How to Clean a Diamond Ring at Home: In-depth Guide

How to clean a diamond ring

To a newly engaged bride, few things are as satisfying as watching the light bounce off her new ring, so it’s only natural to wonder how to prolong that sparkle.

There are dozens of products on the market that claim to keep your diamonds sparkling, but why not focus on cleaning your diamond ring at home for free?

In this article, not only will we give you enough ways to keep your ring sparkling long after the wedding, but we’ll also touch on a few precautions and aftercare to avoid any damage to your ring whether you have a traditional diamond or a non-traditional dazzling diamond gemstone rings.

For a little background before we begin, we’re going to give you a quick lesson in gemology.

The Mohs scale ranks hardness and is used to classify minerals. It runs from one to ten, and the position of a mineral on the scale depends on the ability to scratch other minerals rated lower. For example, a diamond is a ten – it’s the hardest mineral. Gold and silver are around 2.5. Opal, a commonly used (though non-traditional) engagement stone, is a 6.5, while emeralds and cubic zirconias are around an 8.

Now that you know a little more about how gemstones can vary in their composition, you can understand why they have to be cleaned differently as well.

5 Ways to Clean Your Diamond Ring Safely

Your ring is bound to get dirty with everyday use – unless you only wear it on special occasions, but where’s the fun in that? You found the love of your life – flaunt that fact!

However, the accumulation of hair products, lotion, makeup, soap, and any other daily materials will dull your ring’s shine.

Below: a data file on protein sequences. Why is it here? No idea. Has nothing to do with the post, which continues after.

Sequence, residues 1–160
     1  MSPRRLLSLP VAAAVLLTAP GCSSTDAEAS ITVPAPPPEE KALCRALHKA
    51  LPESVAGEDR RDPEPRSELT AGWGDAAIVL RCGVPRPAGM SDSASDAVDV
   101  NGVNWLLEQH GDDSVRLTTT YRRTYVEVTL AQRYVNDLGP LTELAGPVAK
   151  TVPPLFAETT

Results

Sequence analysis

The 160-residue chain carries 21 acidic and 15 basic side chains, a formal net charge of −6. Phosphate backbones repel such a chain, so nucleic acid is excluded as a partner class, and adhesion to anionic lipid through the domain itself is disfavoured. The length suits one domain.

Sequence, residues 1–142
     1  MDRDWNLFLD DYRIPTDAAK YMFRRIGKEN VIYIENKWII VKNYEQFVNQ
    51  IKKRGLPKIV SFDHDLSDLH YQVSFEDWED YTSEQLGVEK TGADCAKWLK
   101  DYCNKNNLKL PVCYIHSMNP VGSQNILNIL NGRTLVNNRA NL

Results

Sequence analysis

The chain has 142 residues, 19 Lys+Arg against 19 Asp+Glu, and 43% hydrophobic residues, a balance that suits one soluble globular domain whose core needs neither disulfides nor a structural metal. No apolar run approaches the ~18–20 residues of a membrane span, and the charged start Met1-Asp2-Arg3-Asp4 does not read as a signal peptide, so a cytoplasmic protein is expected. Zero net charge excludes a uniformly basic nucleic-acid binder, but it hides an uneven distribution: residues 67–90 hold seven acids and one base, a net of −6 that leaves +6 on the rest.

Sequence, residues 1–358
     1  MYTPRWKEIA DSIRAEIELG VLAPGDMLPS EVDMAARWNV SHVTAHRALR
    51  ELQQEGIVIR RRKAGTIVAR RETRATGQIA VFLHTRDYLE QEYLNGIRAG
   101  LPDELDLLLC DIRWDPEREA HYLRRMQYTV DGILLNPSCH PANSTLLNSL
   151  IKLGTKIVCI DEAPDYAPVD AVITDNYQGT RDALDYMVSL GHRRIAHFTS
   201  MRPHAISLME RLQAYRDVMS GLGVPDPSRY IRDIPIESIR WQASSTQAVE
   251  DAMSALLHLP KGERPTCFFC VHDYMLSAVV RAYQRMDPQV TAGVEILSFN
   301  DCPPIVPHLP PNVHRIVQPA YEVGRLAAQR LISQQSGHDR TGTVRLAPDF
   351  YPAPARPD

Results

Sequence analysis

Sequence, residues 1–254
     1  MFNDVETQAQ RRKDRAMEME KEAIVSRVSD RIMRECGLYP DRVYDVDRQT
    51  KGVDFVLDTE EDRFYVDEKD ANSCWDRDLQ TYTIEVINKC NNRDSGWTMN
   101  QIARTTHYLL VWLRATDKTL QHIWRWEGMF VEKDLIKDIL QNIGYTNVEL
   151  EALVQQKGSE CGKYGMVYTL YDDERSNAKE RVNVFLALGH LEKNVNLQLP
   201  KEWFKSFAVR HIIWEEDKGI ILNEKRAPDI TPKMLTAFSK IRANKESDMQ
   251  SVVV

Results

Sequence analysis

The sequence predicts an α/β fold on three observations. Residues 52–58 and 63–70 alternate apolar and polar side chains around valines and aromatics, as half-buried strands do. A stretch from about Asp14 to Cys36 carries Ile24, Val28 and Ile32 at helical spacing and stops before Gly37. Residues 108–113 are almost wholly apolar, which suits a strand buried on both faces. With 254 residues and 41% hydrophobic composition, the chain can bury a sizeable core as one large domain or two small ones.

1. Warm Water & Dish-washing Soap

The best way to clean a diamond ring – regardless of the type of metal – is to soak it in warm water and dish-washing soap for about 30 minutes. Instead of soap, you can also use shampoo or body wash. Brush the ring with a soft toothbrush and rinse it under warm running water, being careful not to drop the ring into the sink or down the drain! To be doubly sure, block off the pipe.

To dry the ring off, avoid anything with small fibers or lint, as they may scratch the metal or cling to the prongs. Instead, use something made of cotton or let it air dry.

Ideally, it would be best if you did this about once or twice a month to keep your ring looking its best.

2. Windex+Hydrogen Peroxide Solution

If your ring is silver or gold, a 50/50 solution of Windex and hydrogen peroxide will also work. Soak your ring for about ten minutes; the Windex removes the dirt while the hydrogen peroxide will take care of any bacteria. After the soak, use a soft toothbrush to scrub away any residue.

Rinse with warm water and dry with a cotton cloth or let it air dry.

3. Steam Cleaners

Jewelry steam cleaners use high-pressure steam, much like pressure cookers – for a very different purpose. In less than ten seconds, they remove dirt, oil, lotion, makeup, hair products, and anything else from your ring. All you need is water, so your initial purchase is the only real purchase you need to make.

Make sure to research how to use a steam jewelry cleaner, as there are inherent risks in combining steam and pressure.

cleaning diamond rings at home

4. Hand Soap (for softer gemstones)

For non-traditional such as emeralds and opal, and other softer gemstones, use hand soap instead of dish soap. Dish soap may have degreasing enzymes that are too harsh. Similar to the first method mentioned, soak your ring in room-temperature water and a bit of hand soap for around five to ten minutes.

Using a small, lint-free cloth, work the solution into the ring, as a toothbrush may be too rough for a softer stone, then rinse the ring under room-temperature water and let it air dry or pat it dry with the cloth.

5. Beer (really!)

If you have a solid gold ring, you can use – wait for it – beer. Though it sounds crazy, this does work. Pour a bit of pale ale beer onto a soft cloth and rub it gently on the band. Make sure not to rub the beer on any gemstones or diamonds and do not use a dark beer. After you are done, use another cloth to dry the ring.

What NOT to Use to Clean a Diamond Ring